A temperature rise of 1.5C by the end of century could lead to a 2.2% drop in working hours - equal to 80 million full-time jobs - costing the global economy $2.4 trillion, according to projections by the U.N. International Labour Organisation (ILO).
The ILO said people would be unable to work due to the health risks posed by higher temperatures.
"The impact of heat stress on labour productivity is a serious consequence of climate change, which adds to other adverse impacts such as changing rain patterns, raising sea levels and loss of biodiversity," said ILO's Catherine Saget.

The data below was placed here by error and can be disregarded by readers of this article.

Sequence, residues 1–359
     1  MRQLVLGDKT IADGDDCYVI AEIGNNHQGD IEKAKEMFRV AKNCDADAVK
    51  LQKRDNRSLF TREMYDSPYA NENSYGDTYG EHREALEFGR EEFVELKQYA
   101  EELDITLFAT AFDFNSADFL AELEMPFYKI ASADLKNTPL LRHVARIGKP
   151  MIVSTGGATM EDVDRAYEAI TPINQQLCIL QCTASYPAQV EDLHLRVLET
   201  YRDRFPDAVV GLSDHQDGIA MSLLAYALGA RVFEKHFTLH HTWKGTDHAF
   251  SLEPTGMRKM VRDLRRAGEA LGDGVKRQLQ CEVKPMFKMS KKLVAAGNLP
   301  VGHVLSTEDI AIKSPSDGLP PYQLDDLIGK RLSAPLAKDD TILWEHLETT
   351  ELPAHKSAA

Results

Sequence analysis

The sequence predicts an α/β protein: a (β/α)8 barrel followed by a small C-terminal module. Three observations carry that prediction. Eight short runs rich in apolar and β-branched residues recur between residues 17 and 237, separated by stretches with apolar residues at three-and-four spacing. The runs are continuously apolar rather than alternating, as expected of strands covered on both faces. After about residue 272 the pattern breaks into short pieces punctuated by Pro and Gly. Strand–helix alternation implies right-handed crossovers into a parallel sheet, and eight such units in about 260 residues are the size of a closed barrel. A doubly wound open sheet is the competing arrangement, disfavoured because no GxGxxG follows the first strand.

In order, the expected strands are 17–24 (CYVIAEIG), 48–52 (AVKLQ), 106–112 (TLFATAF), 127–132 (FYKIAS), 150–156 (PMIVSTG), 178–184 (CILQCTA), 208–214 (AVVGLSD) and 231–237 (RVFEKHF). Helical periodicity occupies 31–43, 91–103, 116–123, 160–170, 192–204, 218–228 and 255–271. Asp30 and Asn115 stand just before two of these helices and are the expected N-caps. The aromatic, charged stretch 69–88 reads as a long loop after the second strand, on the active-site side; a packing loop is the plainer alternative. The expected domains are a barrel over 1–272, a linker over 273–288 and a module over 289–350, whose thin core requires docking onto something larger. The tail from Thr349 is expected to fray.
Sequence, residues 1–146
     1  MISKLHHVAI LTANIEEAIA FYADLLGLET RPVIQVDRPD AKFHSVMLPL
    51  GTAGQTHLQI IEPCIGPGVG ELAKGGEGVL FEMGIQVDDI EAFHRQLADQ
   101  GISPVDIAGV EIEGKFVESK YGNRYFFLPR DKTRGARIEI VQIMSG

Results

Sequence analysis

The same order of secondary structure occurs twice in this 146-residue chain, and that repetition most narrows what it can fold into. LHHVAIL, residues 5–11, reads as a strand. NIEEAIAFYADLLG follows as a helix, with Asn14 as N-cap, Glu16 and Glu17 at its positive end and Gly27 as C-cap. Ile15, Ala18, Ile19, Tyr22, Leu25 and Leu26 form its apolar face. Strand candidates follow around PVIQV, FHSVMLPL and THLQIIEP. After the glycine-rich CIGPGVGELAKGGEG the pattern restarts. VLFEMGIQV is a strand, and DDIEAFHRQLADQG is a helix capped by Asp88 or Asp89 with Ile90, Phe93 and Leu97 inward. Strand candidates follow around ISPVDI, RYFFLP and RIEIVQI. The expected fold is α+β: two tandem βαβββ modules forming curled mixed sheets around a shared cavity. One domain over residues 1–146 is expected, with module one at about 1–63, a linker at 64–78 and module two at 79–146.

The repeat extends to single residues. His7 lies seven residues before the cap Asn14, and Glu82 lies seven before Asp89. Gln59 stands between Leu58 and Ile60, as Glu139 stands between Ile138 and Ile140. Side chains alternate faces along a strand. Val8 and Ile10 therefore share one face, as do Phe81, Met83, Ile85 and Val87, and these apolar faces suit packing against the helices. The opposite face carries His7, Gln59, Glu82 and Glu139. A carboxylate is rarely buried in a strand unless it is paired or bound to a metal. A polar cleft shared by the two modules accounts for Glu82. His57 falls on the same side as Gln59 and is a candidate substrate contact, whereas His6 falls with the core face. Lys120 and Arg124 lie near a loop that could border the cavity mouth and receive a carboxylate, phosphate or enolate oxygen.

The World Health Organisation has said heat stress linked to climate change is likely to cause 38,000 extra deaths a year worldwide between 2030 and 2050.
Heat stress occurs when the body absorbs more heat than is tolerable. Extreme heat can cause heat-related illnesses, such as heat stroke and exhaustion, increase mortality, and exacerbate existing health conditions.
Agricultural workers - especially women, who make up the bulk of the 940 million labourers in the sector - will be most affected, the ILO said, accounting for about 60% of all working hours lost due to heat stress by 2030.
If global temperatures rise as predicted, the construction industry will account for about 19% of lost working hours, with the poorest countries in Southeast Asia and west Africa worst hit, the ILO added.
Transport, tourism, sport and industrial sectors are among those that will also be affected by rising heat, the ILO said.